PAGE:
Guest Column | October 4, 2016

Electrocoagulation Provides Economical Solution To Oil And Gas Waste Problem


By Julie King, Mike Levey, and Stuart Garwood

A new generation of electrocoagulation-based water treatment has successfully treated wastewater and effluent from a remote onshore natural gas exploration and production project with over three years of continuous operation. To compound the challenges of treating this wastewater and effluent, the unit was required to operate in an extremely environmentally sensitive environment — a pristine tropical rainforest — with an annual rainfall exceeding 5,000 mm, together with extremely rough terrain combined with limited support infrastructure, the availability of which was being split between vying service companies operating on the project.

Project Brief

The water treatment unit (WTU) was specified to be a fully containerized, multi-stage stand-alone system that could meet the environmental requirements and treat contaminated wastewater at approximately 15 m3/day throughput.  The wastewater and effluent being collected from the numerous drilling sites which were contaminated with drilling muds and other chemicals, had to be treated to meet local environmental discharge consents to levels similar to the Australian requirements and to permit the treated effluent to be reused in drilling mud manufacture.

The system was originally specified to treat water containing up 1.0 percent suspended solids, 0.5 percent dissolved salts, with no free oil and up to 40,000 mg/L chemical oxygen demand. Prior to discharge the treated effluent was required to have no more than 0.01 percent suspended solids, 0.03 percent of dissolved salts, and 125 mg/L chemical oxygen demand and meet these requirements upon commissioning.

Soon after commissioning, however, there were some accidental spills of water-based drilling muds and other drilling chemicals and it became necessary to use the WTU to treat wastewater and effluent containing much higher levels of contaminants than the original specifications, in particular suspended solids, dissolved salts, and organic compounds. Without a WTU on site capable of treating these much higher levels of contaminant on site, the waste and effluent would have to have been taken to a coastal site for treatment by road tanker at prohibitive cost.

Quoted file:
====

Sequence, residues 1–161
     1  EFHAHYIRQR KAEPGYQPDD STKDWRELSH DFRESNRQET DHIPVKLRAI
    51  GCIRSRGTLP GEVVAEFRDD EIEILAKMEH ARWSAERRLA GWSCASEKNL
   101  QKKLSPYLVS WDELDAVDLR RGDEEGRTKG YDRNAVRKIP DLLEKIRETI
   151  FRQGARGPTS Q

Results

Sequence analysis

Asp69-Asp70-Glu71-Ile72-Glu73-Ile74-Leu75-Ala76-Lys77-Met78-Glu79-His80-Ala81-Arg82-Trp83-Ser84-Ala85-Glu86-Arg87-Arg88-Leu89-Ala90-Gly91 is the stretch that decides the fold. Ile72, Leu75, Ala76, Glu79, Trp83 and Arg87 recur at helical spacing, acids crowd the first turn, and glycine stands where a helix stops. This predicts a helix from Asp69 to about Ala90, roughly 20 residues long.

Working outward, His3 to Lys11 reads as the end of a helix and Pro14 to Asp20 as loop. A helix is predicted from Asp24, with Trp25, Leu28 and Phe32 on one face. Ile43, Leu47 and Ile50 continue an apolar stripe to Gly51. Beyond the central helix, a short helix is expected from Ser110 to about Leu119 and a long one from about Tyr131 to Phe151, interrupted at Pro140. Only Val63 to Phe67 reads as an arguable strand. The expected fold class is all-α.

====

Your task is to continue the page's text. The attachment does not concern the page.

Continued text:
Water Treatment Solution

The combination of multistage electrocoagulation and high-pressure reverse osmosis used in its design enabled the WTU to treat these heavily contaminated wastewaters and effluents to levels, which were still acceptable for use in the makeup of water based drilling muds and cement grouts for use in wellbore lining. (<0.035 percent suspends solids and 0.025 percent dissolved solids).

The WTU contained a number of innovative design features, which produced benefits by allowing effective and continuous operation. For example, the electrocoagulation cells used optimized low voltage, high current electrochemistry and had a hydrodynamic design, which ensured even flow is through the whole cell volume ensuring that the electrodes are evenly consumed.  The cells used upward water flow to sweep out all hydrogen and oxygen bubbles produced during the process and compressed air was injected after the cells to enhance flocculation/sedimentation.  Cells with two different electrode chemistries (iron and aluminum) were used in series for maximum treatment efficiency.

The WTU was controlled with a programmable logic controller (PLC) and programmed to prevent electrode passivation, with computerized electrode-wear monitoring and a remote telemetry option. If necessary, the WTU could have incorporated advanced electrochemical oxidation cells to mineralize many soluble organic compounds to carbon dioxide, water and simple salts, in addition to oxidizing sulfides and ammoniacal compounds.